For PSYCH 100 and PSYCH 105 students the answer is – YES. Once you have completed 6 hours of participation, you are welcome to participate in up to 2 more hours for extra credit. Students who participate in 6 or more hours without getting a “no show” will also earn an additional percentage point of extra credit. Please see your course syllabus for information about how this additional participation will count towards your course grade.
Is research participation safe?
Qualified researchers review each study before it is cleared for use. Most (but not all) studies ask you to do some kind of simple task (e.g., paper-and-pencil task, computerized task, use a map, watch videos, express opinions, etc.) You will not be asked to do anything that is obviously harmful or dangerous.
Also, (and this is important) researchers MUST get your consent before beginning the study. Researchers are required to explain experimental procedures and give you the chance to ask questions before you participate. If they don’t, or if you find the procedure objectionable, you can choose not to participate. You may also choose to stop participating at any time if you become uncomfortable with the procedures.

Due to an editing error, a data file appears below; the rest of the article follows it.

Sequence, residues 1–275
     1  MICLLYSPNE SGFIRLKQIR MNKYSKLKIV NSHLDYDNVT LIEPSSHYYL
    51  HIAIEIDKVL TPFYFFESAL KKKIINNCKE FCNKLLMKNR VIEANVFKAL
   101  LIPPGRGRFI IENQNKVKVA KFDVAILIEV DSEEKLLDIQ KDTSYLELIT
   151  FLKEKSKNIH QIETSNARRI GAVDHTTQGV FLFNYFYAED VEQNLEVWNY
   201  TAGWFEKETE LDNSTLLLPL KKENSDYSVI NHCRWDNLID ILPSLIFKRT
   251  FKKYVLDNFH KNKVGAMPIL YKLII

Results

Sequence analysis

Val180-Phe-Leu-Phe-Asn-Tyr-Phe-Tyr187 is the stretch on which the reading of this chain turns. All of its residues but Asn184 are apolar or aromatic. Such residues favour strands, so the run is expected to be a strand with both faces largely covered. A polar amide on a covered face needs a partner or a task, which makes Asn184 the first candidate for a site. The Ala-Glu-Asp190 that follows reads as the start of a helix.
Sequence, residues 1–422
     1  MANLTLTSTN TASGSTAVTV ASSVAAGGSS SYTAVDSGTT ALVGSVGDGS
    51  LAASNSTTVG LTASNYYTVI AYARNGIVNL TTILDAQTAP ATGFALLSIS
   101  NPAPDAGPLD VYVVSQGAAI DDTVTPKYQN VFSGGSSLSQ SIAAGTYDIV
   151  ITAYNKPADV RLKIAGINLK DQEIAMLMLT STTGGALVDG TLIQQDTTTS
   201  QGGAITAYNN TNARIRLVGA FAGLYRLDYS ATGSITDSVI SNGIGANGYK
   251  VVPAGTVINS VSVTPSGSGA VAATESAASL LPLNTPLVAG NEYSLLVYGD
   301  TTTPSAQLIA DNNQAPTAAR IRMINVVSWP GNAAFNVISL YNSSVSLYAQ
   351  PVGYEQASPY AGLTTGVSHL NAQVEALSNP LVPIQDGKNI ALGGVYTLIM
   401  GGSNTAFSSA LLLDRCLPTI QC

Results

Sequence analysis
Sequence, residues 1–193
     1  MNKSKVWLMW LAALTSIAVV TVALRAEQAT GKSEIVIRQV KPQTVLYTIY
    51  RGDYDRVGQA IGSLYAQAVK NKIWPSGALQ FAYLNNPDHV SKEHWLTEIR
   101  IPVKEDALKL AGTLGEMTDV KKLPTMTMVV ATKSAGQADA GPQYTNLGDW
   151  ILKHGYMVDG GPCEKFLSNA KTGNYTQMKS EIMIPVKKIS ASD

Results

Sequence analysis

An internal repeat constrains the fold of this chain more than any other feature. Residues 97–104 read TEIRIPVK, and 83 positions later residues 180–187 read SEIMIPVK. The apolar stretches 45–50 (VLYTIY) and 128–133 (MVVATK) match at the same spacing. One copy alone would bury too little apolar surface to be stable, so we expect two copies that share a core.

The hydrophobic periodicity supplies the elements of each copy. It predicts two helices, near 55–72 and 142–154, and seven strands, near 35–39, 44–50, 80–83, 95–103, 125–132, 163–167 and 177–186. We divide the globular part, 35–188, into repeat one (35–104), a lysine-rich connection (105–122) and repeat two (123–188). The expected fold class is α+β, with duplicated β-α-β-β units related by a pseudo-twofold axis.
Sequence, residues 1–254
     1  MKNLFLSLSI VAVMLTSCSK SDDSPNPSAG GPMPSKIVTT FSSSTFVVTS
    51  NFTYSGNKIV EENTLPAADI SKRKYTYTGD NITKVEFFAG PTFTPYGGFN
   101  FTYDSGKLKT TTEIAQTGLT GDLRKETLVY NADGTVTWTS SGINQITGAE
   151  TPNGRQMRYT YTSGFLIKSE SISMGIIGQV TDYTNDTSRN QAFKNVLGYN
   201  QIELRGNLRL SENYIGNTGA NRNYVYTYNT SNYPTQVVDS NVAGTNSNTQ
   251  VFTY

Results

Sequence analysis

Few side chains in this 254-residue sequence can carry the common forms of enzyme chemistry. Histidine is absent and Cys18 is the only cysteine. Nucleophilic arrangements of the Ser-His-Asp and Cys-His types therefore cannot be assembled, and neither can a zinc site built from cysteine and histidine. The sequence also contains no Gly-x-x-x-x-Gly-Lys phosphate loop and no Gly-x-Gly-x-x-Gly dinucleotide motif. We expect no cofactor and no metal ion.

What if I turn 18 during the semester?
If you are 17 now, but will turn 18 during the semester you, you have two choices:
- You can sign up for and complete the “Research Alternative” assignments.
- You can sign up to participate in research, but you will not be able to actually participate in studies until you turn 18 (this option is recommended if you are turning 18 within the first 6 weeks of the semester).